A press release from the Hillary Clinton campaign uses China as the primary “other” for the United States, a nation to which the United States should compare its progress.
An Oct. 10 press release outlining Clinton’s agenda on “Rebuilding the Road to the Middle Class” comes with several policy proposals and an attempt to frame the country’s economic challenges. And in the process of framing, China is set up as a main challenger for the United States, and a main point of comparison for U.S. development. Here, in full, is the section outlining “The Challenges”:
Other nations are increasingly investing in their innovation infrastructure, positioning themselves to challenge our leadership. In the last 12 years, China has doubled the percentage of GDP dedicated to R&D, and over that same period GDP itself doubled. Also, our share of the world’s scientists and engineers is declining, and too few American college students are preparing themselves for these careers. Fewer than 20% of American undergraduates are earning degrees in science or engineering, compared with more than 50% in China. Between 1970 and 2000, our global share of PhDs in science and engineering declined from 40% to 20%. And today, our global ranking in broadband has deteriorated to 25th.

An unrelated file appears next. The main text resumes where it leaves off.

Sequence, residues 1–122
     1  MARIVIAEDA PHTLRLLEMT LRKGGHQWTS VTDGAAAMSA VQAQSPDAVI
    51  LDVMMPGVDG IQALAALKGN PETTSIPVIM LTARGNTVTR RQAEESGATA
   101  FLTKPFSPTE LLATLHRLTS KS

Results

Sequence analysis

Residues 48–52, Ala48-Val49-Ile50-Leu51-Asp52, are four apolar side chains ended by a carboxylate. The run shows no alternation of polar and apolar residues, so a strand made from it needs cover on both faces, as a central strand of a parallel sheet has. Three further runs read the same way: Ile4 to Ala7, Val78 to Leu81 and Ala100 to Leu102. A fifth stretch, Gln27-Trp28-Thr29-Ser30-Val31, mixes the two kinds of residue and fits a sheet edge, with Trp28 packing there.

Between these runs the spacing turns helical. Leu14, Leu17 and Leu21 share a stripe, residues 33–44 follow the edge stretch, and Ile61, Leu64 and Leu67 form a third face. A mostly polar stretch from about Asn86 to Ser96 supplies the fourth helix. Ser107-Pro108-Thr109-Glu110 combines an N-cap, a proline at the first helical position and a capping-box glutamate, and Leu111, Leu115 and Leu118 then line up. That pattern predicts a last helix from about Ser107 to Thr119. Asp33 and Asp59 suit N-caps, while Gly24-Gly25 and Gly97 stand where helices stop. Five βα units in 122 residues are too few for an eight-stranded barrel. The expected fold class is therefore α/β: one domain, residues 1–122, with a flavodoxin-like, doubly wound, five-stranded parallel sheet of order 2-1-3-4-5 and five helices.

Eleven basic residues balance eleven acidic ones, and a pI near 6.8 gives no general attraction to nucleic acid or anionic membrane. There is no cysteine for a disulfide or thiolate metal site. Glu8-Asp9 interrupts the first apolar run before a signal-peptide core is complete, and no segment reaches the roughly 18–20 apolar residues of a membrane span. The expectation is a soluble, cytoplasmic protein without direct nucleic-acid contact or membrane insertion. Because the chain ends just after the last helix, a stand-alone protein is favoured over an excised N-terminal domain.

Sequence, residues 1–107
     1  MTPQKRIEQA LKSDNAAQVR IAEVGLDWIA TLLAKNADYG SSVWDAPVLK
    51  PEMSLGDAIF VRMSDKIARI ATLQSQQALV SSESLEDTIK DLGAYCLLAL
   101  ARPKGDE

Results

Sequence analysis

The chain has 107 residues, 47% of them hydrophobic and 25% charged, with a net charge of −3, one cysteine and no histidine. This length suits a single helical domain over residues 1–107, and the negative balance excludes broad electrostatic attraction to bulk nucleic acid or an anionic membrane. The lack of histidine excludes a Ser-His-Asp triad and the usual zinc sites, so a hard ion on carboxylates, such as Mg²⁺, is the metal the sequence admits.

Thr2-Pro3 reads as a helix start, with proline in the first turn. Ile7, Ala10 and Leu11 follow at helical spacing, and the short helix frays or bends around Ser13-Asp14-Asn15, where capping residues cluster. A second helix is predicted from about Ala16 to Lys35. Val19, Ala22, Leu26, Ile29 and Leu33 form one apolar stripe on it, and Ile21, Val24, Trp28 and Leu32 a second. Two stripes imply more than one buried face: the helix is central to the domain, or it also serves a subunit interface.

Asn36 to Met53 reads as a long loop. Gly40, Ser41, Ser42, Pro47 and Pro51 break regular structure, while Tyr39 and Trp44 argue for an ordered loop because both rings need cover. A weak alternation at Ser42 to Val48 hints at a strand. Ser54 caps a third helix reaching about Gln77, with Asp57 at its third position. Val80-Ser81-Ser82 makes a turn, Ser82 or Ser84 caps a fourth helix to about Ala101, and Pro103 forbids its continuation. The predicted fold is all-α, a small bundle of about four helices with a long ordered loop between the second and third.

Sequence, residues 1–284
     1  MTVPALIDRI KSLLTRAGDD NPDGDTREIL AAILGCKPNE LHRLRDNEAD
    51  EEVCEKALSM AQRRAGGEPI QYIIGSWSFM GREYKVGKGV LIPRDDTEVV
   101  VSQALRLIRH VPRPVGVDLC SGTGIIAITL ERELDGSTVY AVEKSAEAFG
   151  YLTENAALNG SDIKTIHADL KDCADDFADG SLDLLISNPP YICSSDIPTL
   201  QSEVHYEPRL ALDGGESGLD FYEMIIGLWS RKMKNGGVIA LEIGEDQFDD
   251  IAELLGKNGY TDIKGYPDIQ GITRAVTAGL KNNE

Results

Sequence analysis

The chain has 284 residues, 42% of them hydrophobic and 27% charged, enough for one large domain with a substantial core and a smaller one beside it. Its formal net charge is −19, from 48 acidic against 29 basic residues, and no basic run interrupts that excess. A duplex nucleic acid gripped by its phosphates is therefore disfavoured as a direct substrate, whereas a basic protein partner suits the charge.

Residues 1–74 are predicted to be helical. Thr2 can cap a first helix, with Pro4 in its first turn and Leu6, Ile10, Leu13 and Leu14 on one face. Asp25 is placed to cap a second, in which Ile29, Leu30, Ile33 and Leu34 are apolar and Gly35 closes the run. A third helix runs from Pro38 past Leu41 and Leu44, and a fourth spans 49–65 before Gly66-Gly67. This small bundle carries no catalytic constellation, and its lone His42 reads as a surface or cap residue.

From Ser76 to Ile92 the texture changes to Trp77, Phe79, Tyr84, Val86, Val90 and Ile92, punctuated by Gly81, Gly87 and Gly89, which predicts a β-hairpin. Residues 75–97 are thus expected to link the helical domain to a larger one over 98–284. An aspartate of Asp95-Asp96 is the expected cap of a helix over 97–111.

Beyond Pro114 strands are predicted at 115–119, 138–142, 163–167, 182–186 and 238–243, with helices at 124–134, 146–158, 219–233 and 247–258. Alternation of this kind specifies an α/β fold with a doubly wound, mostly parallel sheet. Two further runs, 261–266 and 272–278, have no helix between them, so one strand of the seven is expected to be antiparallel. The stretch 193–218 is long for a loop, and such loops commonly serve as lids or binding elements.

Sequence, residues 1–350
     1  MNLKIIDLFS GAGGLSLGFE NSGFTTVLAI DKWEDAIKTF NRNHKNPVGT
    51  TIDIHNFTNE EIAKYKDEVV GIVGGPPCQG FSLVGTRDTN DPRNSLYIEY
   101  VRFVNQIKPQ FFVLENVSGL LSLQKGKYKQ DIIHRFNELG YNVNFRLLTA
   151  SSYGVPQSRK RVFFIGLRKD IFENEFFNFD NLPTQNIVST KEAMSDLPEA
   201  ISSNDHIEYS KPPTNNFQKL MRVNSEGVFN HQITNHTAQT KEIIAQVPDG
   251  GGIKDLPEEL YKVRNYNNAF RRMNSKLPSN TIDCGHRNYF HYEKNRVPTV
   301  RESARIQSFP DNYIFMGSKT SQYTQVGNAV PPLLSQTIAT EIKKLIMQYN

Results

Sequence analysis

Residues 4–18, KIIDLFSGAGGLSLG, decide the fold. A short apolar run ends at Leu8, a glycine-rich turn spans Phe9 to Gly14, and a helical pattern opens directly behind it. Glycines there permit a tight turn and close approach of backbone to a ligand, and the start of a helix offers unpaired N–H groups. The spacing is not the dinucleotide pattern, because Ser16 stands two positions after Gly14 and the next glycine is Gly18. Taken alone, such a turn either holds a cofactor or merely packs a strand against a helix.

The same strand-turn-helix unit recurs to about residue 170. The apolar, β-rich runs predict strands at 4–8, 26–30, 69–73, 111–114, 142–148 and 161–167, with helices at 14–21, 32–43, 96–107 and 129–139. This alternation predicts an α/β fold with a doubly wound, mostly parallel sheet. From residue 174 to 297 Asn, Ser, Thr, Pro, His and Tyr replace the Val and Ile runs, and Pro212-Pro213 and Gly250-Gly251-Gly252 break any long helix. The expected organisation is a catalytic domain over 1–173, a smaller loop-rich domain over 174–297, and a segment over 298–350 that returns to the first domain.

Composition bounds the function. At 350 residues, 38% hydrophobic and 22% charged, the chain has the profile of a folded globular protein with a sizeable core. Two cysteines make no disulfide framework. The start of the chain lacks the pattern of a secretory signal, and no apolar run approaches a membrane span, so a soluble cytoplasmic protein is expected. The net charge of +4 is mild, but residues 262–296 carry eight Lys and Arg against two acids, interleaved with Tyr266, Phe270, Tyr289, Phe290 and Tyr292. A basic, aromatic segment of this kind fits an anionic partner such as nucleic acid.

Here, China is the primary “other” to which U.S. achievements are compared.
Later, in a section outlining a proposal for more education funding, China again is the only country named in comparison. “Education is the ultimate innovation prerequisite, but we are ceding ground to other nations,” the release states. “For example, 50% of undergraduates in China are earning degrees in science and engineering, but in America the rate is less than 20%. Our global share of PhDs in these fields has declined from 40% in 1970 to less than 20% today.”
Clinton’s rhetoric in this document compares the United States to China and to the world at large. But notably, no other country or political unit, not even the European Union, is mentioned by name. This is not an overt statement on China, but it tells us something about the way Hillary’s campaign views the rhetorical landscape: Among world powers, they apparently believe, the media and voters are concerned about China above all others.
Tomorrow, Clinton calls the U.S.–China relationship the world’s most important for the coming century, and Japan faces a demotion from the position of the United States’ most important Asian counterpart.
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